Without strong knowledge of the time period, a reader could come away with some misconceptions about nineteenth-century life and history. For example, Kiechle’s approach and style allow her to go in-depth into the period’s sensory history, which also makes it seem as if this was a constant, nagging question on everyone’s minds. At the same time that folks were dealing with wafting scents from meatpackers or other “offensive” industries, they were also contending with recessions, tensions over slavery, the Indian Question, the Woman Question, the Mexican-American War, and more. Early on, the author does admit that “smells were not the only thing, and often not the primary thing, that urban residents thought, talked, and worried about,” yet in making her case for the importance of the events she studies, she loses sight of that (p. 16). Moreover, Kiechle uses examples of stench to contend for extensive legal, administrative, and institutional change throughout the book, based on a limited sample size. Her creativity in hunting down sources to document urban stink should be commended, but she had to rely on a small number of events in New York City, Chicago, and the Boston area on which to base some far-reaching conclusions. Sometimes the leaps are too big to ignore.
The primary focus of the book is urban America, especially the biggest and fastest growing cities of the century. Kiechle’s understanding of how industrialization and urbanization created problems for the cities’ inhabitants demonstrates her strengths. When the author, however, dives into rural America and the Civil War, some mistakes hurt those chapters. For example, in the end of her chapter on home sanitation, she rightly states that changes in ventilation of cookstoves brought peril. This fact comes at the expense of poor research about the adoption and use of cookstoves. While Andrew Jackson Downing and a few other authors mentioned in the text may have disliked the smell of cookstoves in contrast to hearth fires, the average rural woman gladly gave up the latter to cook standing up. Kiechle then goes on to discuss Solon Robinson and some farm groups incorrectly.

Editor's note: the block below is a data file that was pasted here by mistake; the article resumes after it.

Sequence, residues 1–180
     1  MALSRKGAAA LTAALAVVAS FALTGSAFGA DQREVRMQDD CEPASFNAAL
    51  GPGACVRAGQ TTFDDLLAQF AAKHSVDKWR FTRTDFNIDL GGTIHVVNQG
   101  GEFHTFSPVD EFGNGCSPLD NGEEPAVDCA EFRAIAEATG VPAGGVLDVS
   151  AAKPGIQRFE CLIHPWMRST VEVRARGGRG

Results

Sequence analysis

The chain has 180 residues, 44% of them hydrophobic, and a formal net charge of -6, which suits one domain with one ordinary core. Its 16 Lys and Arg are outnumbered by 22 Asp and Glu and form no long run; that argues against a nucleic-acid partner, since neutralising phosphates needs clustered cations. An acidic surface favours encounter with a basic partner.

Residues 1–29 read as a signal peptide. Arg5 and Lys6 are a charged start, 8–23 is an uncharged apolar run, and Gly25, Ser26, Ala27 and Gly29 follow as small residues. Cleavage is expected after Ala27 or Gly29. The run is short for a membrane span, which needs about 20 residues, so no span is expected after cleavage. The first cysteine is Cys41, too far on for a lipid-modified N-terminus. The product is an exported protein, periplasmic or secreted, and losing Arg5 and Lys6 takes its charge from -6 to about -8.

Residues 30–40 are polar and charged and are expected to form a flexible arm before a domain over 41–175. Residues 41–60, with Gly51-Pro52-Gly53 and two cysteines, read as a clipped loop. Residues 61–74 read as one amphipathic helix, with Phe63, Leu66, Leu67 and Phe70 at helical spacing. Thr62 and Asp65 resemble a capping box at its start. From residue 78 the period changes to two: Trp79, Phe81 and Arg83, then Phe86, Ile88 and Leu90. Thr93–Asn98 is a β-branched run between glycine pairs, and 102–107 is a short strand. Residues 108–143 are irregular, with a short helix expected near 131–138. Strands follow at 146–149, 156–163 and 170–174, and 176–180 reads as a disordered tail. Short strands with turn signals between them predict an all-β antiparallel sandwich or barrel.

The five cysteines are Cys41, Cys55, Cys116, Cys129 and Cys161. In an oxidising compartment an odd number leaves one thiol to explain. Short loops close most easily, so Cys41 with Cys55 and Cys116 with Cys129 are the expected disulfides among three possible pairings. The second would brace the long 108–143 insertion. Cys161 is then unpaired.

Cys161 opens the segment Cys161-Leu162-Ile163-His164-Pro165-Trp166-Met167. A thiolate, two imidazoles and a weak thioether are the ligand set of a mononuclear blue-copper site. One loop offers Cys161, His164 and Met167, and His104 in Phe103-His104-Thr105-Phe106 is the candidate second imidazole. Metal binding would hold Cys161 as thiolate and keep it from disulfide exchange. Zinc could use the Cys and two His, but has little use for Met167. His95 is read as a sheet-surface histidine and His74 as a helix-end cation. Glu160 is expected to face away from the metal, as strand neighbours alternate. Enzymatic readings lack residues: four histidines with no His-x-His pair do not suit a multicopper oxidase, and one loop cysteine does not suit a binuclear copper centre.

The digression into rural topics is short, but the Civil War chapter bothered me to the point of distraction. The analysis in this chapter suffers from the same ills of several other sections, a paucity of sources. Moreover, it seems to be a hasty addition made during the transformation from dissertation to first book; any scholar can feel the urgency of the author in the rushed construction of a chapter that does not fit the rest of the book. If the author wanted to discuss problems of sanitation during a war prior to 1860, why go overseas to the Crimean War when the United States lost more soldiers to disease than battle during the Mexican-American War? Kiechle’s discussion of war stench by examining battlefields (rotting corpses), camps (human filth), and hospitals (disinfectants) is fascinating and the fodder for a good discussion, but more time or additional sources would have helped. She mentions soldiers defecating between tents, among other unsanitary acts, as if this was done in each camp, yet units with soldiers’ wives following along would not have had this kind of activity. Sadly, by the end of the chapter, the connection between the war and the changes made within the smellscape of postwar urban America just does not hold. Americans pushed for reform prior to the war, were redirected during the war, and went back to the cities to continue the fight to end disease within a more densely populated, messy set of cities. The Civil War was not the watershed promised in the introduction but surely fit the editor’s or reviewers’ expectations for chronological coherence.
Despite its flaws, this book adds to the conversation about environmental history. Commodities (for example, salt or cod), monsters, and now smells add to the understanding of a past so different than ours that we need to look at it from different angles. Kiechle’s addition to sensory history provides many points to discuss about the people who made the smells that they did not like. Her discussion of reform and pushback prior to the Progressive Era could be well paired with Richard Zacks’s Island of Vice: Theodore Roosevelt’s Doomed Quest to Clean Up Sin-Loving New York (2012), or to compare the more environmental aspects of people and their landscapes, including miasmas, I suggest the superbly written The Health of the Country: How American Settlers Understood Themselves and Their Land by Conevery Bolton Valenčius (2002).
If there is additional discussion of this review, you may access it through the network, at: https://networks.h-net.org/h-socialisms.
Alexandra Kindell. Review of Kiechle, Melanie A., Smell Detectives: An Olfactory History of Nineteenth-Century Urban America.
H-Socialisms, H-Net Reviews.